24 August 2016
This year marks the 400th anniversary of William Shakespeare’s death. Of course, Shakespeare’s legacy to literature was remarkable, but perhaps we are all not so familiar with his charitable legacies.
Shakespeare’s Will is one of the most infamous in history due to the fact that he bequeathed, inter alia, his “second best bed” to his surviving wife, Anne Hathaway. This is, on the face of it and to a modern reader, perhaps not the most generous of legacies. This much-debated bequest often means that Shakespeare’s charitable gifts in his Will are often overlooked.
A year’s wages
In his Will, drafted by lawyers a month before his death, Shakespeare bequeaths “unto the poor of Stratford [upon Avon] ten pounds”. This would have been the equivalent of a year’s wages for a skilled worker in London and would have gone a long way towards helping those in need in Shakespeare’s home town.
Unfortunately, we can’t all be gifted playwrights and make our fortunes in the theatre, but every charitable legacy – no matter how modest – will ensure that charity work can continue to thrive.
Ways to remember a charity
There are three ways you can leave a charitable gift in your Will:
1) A pecuniary legacy (a fixed sum of money)
2) A specific legacy (a gift of a possession)
3) A gift of the residue of your estate (a specified percentage of your estate)
Surveys have shown that around half of those asked would be happy to leave a charitable gift in their Will – but only a handful get round to making the arrangements. Writing our Will or updating it to include a charity is sadly very low on the priorities list for many of us, but I would urge you to plan now if you do wish to do so.
Illott v Mitson
We are, as a society, becoming more and more litigious and this has been evidenced in the number of claims made against Wills. Of particular note is the recent case of Illott v Mitson (2015) wherein the testator left her whole estate to three animal charities to the exclusion of her impoverished adult daughter.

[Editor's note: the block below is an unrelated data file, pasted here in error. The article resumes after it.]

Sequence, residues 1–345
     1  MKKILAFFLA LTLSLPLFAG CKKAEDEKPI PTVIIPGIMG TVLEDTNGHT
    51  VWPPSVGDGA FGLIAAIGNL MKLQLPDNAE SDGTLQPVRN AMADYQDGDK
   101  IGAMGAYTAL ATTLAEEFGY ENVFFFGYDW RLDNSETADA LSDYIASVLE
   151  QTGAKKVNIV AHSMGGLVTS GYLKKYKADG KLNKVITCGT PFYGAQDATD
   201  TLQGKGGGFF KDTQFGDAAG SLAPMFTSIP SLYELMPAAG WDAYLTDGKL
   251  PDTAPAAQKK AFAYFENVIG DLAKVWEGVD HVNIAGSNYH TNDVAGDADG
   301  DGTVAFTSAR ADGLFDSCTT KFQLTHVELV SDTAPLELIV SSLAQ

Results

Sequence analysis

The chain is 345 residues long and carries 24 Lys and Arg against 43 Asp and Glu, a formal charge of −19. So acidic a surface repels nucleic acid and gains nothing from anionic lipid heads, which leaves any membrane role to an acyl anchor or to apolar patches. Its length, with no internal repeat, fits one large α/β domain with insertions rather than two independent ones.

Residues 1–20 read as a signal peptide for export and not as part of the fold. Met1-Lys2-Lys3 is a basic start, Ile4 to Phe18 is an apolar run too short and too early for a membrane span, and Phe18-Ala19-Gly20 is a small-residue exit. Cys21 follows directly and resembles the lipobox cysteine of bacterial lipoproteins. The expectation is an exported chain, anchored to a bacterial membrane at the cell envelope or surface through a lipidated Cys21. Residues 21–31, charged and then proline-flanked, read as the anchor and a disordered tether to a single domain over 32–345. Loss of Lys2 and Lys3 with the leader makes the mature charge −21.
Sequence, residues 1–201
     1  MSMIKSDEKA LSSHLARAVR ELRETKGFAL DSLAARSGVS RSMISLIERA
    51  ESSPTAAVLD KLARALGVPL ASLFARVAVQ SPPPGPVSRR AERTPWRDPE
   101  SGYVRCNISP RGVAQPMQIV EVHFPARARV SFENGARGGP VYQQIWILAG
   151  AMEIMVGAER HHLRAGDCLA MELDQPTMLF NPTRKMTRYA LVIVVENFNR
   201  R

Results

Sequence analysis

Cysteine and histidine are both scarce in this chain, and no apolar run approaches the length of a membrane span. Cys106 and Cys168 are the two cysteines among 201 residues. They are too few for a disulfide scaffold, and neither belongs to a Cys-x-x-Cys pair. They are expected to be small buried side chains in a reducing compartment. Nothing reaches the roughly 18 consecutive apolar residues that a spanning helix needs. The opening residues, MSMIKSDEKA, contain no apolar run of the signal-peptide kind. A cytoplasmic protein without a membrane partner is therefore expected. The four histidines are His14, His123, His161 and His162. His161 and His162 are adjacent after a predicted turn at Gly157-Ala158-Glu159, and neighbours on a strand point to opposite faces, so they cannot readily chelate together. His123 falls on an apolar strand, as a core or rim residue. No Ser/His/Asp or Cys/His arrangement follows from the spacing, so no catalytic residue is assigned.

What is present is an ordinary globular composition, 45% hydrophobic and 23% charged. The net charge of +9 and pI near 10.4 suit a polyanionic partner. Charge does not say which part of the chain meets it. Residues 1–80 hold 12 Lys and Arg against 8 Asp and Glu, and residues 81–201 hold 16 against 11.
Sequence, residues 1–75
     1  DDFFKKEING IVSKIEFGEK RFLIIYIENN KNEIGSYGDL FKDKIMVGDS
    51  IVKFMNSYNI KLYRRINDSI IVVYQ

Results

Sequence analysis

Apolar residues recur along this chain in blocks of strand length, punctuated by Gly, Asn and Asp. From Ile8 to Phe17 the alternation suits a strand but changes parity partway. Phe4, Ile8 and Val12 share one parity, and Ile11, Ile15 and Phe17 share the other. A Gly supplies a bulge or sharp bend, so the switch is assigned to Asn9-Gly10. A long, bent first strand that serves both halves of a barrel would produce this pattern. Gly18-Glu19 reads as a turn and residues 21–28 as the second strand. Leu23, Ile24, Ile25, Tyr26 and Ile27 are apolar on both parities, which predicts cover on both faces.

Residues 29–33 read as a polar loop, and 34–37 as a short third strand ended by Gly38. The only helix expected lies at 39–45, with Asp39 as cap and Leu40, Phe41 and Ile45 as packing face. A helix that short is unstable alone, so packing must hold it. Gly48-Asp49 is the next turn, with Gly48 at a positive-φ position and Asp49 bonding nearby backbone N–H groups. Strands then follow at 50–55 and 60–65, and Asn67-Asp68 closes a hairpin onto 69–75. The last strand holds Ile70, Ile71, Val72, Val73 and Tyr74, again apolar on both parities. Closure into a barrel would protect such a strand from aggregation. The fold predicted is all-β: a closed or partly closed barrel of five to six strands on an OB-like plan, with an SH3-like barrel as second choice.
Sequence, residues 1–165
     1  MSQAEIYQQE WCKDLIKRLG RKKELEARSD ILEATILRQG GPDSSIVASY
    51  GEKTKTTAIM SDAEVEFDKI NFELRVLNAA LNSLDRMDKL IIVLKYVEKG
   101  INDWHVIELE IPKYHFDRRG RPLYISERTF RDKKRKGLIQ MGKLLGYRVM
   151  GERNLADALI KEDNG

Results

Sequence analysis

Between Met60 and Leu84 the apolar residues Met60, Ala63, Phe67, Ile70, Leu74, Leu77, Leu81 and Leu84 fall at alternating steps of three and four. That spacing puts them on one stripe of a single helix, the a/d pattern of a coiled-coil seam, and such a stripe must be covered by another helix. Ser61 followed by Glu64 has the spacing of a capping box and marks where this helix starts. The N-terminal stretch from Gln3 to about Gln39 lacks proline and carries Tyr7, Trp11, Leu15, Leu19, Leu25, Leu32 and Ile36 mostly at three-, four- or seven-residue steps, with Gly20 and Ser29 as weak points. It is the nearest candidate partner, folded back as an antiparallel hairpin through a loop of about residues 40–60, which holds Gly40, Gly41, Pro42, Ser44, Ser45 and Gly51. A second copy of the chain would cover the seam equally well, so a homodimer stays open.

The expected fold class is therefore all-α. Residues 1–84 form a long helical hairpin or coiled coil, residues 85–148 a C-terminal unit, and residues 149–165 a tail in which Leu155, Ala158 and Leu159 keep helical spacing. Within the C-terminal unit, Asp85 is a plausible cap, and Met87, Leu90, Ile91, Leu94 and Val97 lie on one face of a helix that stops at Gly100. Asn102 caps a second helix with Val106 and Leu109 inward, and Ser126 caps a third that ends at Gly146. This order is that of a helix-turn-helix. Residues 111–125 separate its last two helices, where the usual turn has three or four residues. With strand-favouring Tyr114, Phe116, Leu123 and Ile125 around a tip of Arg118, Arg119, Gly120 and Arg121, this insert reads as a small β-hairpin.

The Supreme Court ruled that “reasonable provision” should be made for the claimant out of the estate thereby reducing the charitable legacies, to which it was said she had no connection during her lifetime.
As a result of this ruling, if you are considering leaving a bequest to charity in your Will, it is important to establish strong personal ties with your chosen charity/charities. For example, frequent donations throughout your lifetime or evidence of charity work will act as sound evidence of your intentions, should a claim be brought against the estate.
Not so taxing
As well as the positive feelings associated with leaving a legacy, there are also potential tax benefits.
Charitable gifts are taken off the value of your estate before inheritance tax is calculated. Inheritance tax is generally charged at 40% on the value of the estate that exceed the nil-rate band, currently £325,000.
If, for example, your net estate is valued at £330,000 and you bequeath £6,000 to charity, there will be no inheritance tax to pay. What’s more, an estate can pay inheritance tax at a reduced rate of 36% if you leave 10% or more of the ‘net value’ of your estate to charity.
Find a charity you care about to leave a gift to.
Blake Morgan is supporting Remember A Charity Week, which runs from 12-18 September 2016.
Alison Craggs, Associate at Blake Morgan